Tydings–McDuffie Act

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Senator Millard Tydings is one of the authors of the Philippine Independence Act.

The Tydings–McDuffie Act (officially the Philippine Independence Act, Pub.L. 73–127, 48 Stat. 456, enacted March 24, 1934) was a United States federal law which provided for self-government of the Philippines and for Filipino independence from the United States after a period of ten years. It also established strict limitations on Filipino immigration. It was authored in the 73rd United States Congress by Senator Millard E. Tydings of Maryland and Representative John McDuffie of Alabama,[1] and signed into law by President Franklin D. Roosevelt, all Democrats.

In 1934, Manuel L. Quezon, the President of the Senate of the Philippines, headed a "Philippine Independence mission" to Washington, D.C. It successfully lobbied Congress and secured the act's passage.[1]


The Tydings–McDuffie Act specified a procedural framework for, within two years of its enactment, the drafting of a Constitution for the government of the Commonwealth of the Philippines. The act specified a number of mandatory constitutional provisions, and required approval of the constitution by the U.S. President and by the Filipino people. The act mandated U.S. recognition of independence of the Philippine Islands as a separate and self-governing nation after a ten-year transition period.[2]

Prior to independence, the act allowed the U.S to maintain military forces in the Philippines and to call all military forces of the Philippine government into U.S. military service. The act empowered the U.S. President, within two years following independence, to negotiate matters relating to U.S. naval reservations and fueling stations of in the Philippine Islands.[2]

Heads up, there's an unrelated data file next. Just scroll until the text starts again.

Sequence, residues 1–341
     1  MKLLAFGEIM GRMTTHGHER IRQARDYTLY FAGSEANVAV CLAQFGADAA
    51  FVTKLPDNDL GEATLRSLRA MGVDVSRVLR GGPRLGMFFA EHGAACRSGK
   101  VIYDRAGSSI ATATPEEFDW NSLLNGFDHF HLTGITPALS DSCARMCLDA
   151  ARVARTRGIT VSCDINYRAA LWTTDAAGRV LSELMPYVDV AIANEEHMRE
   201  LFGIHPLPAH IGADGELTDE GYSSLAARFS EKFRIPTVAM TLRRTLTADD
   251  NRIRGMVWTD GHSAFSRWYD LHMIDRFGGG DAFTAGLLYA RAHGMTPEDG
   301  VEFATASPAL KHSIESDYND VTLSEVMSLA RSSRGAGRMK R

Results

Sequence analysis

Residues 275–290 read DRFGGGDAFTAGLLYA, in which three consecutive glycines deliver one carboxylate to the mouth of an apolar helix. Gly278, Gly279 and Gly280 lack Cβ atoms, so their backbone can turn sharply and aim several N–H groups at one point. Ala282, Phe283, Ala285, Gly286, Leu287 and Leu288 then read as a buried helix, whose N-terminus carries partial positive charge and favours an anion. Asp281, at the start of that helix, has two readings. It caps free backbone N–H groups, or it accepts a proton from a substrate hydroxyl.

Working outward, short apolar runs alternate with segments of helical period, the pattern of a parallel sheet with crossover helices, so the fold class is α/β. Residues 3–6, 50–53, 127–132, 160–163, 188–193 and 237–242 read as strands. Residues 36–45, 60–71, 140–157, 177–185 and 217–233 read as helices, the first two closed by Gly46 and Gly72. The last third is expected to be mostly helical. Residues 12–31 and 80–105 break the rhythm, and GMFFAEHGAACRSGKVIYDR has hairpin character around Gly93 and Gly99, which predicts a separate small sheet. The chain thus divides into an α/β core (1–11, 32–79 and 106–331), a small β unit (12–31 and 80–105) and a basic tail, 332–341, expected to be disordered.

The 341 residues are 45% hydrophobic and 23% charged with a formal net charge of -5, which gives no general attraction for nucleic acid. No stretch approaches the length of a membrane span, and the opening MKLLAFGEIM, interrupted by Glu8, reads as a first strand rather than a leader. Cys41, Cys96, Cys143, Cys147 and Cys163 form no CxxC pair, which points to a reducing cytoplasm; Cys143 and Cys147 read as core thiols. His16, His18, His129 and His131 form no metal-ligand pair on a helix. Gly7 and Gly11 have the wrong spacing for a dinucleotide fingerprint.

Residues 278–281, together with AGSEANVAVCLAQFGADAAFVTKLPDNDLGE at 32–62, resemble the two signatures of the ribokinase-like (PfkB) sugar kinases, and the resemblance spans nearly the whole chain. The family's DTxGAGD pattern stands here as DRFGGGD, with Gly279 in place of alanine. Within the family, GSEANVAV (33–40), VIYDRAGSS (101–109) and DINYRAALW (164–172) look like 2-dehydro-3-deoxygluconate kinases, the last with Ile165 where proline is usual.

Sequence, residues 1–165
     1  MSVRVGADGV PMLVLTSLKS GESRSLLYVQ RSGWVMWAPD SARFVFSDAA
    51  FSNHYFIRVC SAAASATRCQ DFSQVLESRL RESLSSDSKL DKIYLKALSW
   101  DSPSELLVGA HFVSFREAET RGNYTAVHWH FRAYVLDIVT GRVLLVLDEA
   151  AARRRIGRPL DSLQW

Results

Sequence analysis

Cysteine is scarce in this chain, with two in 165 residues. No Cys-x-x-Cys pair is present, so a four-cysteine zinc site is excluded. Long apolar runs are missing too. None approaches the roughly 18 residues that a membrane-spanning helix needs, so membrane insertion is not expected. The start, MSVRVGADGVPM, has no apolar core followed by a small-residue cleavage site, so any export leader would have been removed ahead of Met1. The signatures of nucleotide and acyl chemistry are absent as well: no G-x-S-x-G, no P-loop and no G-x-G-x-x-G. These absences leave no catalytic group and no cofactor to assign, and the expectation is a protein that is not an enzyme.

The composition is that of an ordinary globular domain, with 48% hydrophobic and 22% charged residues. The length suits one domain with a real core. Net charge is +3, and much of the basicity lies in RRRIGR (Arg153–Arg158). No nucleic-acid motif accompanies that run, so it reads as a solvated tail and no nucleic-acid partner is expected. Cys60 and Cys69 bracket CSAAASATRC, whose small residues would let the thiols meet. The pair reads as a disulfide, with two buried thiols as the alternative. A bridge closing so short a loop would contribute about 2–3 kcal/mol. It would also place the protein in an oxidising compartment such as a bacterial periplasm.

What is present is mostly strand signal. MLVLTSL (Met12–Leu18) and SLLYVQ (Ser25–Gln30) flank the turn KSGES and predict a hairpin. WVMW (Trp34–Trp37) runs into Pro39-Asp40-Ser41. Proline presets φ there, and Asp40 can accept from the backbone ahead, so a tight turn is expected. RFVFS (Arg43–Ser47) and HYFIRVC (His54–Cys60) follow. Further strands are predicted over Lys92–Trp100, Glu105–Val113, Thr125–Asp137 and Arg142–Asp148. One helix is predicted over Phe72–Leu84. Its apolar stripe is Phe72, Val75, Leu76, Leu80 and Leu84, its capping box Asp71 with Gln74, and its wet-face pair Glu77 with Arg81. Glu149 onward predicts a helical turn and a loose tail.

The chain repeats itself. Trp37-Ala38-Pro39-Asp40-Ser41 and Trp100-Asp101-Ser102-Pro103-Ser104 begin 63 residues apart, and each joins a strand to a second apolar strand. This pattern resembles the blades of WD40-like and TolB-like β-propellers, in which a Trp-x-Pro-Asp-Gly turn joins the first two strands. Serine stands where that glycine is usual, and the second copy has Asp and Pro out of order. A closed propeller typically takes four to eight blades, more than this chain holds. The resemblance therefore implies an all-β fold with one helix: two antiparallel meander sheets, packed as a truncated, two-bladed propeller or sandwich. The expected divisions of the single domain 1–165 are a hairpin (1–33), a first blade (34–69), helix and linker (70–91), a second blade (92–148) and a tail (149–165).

The act reclassified all Filipinos, including those who were living in the United States, as aliens for the purposes of immigration to America. A quota of 50 immigrants per year was established.[2]


One effect of the act was to pave the way for the Filipino Repatriation Act of 1935.[3]

In 1943, Tydings introduced a similar bill for independence of Puerto Rico, a territory of the US. While its political parties supported the bill, Luis Muñoz Marín, leader of the Popular Democratic Party (PPD) did not, and he was influential in persuading Congress not to pass the bill.

See also[edit]


  1. ^ a b Zaide, Sonia M. (1994). The Philippines: A Unique Nation. All-Nations Publishing Co. pp. 314–315. ISBN 971-642-071-4. 
  2. ^ a b c The Philippine Independence Act (Tydings-McDuffie Act) (approved March 24, 1934), The Corpus Juris.
  3. ^ Jeffrey D. Schultz (2000). Encyclopedia of Minorities in American Politics: African Americans and Asian Americans. Greenwood Publishing Group. p. 275. ISBN 978-1-57356-148-8.